“I read in a newspaper article this week that the economy is doomed by 2020. If this is true than we better get on our knees. God wants us happy, but if this occurs, none of us will be. His will is for all of us to-“
The lull of the sanctuary shattered. Two of the elders’ eyes shot open, and group of elderly women gasped. The intrusive banging on the front door paralyzed all inside the building.
“Is John Calvin here?” joked the youth minister in the back pew. Shallow, forced laughs followed. They barely cut the nervous silence.
Pastor Pete continued, “As I was saying, if we don’t pray for our nations economy, our happiness is in serious dan-”
Every person now sat up straight. Mothers pulled their children closer into their side. The mounting tension brought the service to a halt.
Eventually, two deacons arose and made their way out of the room towards the front door. Fearful glances followed them.
“Don’t they know you can just come in?” one whispered.
Through the glass doors, they spotted a man, average height, dark hair, and sharp nose. His deep brown eyes watched them approach.
One of the deacons cracked open the door. “You need something, sir?”
The man smiled. “Yes. I was wondering if I could join you today?”
The door was opened completely, and they greeted him, shaking his hand. “Of course, sir. Everybody is welcome. There is no need to knock.”
They took his jacket and hung it up. “There was a reason,” the man chimed in. “I wasn’t welcome.”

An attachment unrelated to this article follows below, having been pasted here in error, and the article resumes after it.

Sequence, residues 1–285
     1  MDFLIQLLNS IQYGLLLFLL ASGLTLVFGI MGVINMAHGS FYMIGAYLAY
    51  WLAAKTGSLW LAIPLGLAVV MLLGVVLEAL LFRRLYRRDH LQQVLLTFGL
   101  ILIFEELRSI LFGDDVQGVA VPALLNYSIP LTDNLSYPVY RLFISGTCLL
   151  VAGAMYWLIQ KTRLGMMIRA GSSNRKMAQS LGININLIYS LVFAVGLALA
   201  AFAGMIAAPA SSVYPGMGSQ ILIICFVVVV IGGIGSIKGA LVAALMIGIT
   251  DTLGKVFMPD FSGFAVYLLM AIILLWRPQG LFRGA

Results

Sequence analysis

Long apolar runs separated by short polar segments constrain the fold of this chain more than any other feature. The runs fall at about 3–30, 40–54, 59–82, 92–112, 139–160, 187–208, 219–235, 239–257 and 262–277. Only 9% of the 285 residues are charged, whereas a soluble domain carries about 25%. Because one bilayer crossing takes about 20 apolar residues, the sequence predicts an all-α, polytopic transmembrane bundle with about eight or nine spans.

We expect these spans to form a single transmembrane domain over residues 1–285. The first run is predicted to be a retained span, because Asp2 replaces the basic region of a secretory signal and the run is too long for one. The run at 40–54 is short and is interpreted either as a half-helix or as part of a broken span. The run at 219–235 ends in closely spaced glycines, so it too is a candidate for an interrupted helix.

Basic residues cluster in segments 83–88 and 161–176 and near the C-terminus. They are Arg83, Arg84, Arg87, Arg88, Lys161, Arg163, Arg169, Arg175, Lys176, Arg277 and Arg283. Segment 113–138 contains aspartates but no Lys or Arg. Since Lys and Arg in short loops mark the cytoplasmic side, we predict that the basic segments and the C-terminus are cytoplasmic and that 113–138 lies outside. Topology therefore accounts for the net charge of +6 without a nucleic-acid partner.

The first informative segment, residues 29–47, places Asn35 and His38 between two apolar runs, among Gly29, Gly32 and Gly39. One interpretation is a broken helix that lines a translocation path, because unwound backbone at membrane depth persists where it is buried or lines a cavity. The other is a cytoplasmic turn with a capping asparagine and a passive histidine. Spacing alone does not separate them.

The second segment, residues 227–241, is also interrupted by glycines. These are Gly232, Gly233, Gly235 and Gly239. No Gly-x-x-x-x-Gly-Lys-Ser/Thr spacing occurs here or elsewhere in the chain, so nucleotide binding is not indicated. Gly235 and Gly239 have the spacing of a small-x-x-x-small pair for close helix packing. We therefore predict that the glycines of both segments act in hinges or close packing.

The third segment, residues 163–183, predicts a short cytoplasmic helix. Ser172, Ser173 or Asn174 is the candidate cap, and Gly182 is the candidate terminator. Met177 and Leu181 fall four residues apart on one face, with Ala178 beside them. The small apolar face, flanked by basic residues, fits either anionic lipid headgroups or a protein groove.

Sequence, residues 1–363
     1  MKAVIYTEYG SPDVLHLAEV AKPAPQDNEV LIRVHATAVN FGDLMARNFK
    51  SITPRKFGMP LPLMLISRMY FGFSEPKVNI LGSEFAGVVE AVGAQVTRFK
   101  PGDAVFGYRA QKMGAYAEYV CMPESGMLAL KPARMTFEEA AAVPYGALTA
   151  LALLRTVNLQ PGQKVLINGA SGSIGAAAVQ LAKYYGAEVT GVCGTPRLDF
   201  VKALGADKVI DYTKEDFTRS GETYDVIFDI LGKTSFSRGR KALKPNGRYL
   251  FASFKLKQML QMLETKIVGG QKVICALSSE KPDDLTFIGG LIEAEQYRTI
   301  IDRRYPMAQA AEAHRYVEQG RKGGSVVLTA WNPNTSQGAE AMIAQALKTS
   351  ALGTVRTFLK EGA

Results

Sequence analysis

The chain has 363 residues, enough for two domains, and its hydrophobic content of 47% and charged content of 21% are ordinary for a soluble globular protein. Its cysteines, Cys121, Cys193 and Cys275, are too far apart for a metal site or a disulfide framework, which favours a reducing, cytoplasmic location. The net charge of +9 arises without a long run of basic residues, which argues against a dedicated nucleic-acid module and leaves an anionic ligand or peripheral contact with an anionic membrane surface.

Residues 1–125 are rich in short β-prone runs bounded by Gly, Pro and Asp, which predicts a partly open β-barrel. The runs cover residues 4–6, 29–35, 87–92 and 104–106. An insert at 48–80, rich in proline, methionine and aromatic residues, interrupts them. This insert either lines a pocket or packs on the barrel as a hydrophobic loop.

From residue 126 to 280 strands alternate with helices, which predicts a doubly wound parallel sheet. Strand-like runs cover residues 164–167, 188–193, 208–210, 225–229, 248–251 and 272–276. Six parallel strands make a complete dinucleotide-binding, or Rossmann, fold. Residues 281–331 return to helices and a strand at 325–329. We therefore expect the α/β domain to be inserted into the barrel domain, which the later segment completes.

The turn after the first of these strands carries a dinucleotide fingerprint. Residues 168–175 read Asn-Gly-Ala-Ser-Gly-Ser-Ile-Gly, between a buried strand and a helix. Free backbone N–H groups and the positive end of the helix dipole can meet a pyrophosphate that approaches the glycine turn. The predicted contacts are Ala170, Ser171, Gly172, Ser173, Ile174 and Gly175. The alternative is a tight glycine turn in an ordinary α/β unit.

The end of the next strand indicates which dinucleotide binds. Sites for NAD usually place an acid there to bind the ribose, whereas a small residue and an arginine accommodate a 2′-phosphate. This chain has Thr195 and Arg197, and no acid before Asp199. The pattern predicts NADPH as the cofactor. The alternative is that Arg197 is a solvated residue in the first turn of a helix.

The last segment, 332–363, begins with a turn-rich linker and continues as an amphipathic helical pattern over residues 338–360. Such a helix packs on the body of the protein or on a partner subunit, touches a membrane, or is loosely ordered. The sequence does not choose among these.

The deacons both smirked and motioned towards the congregation. “That’s crazy,” one of them chided. “We’ve never turned somebody away. What is your name, sir?”
The visitor looked him in the eyes. “My name is Jesus.”
“Behold I stand at the door and knock. If anyone hears my voice and opens the door, I will come in to him and eat with him, and he with me.”
This verse has been used countless times to preach the salvation of a sinner. A patient, lonely man standing outside waiting to be asked in to one’s heart. Paintings of this event are now classics as most have come to accept this view as Biblical.
But that is not the context. The door is not to one’s heart. It’s to the door of the church.
The angel is rebuking the church in Laodicea for it’s lack of passion, love, and dedication to Christ. They were going through all the right motions, but the heart was missing. A lukewarm church brought no joy to their Savior. And although they looked like the church, Jesus wasn’t involved. He stood outside hoping to be invited in once again. So instead of commendation, they received condemnation.
How many doors is Jesus knocking on today? Today is the day to stop acting like a Christian, and start being one.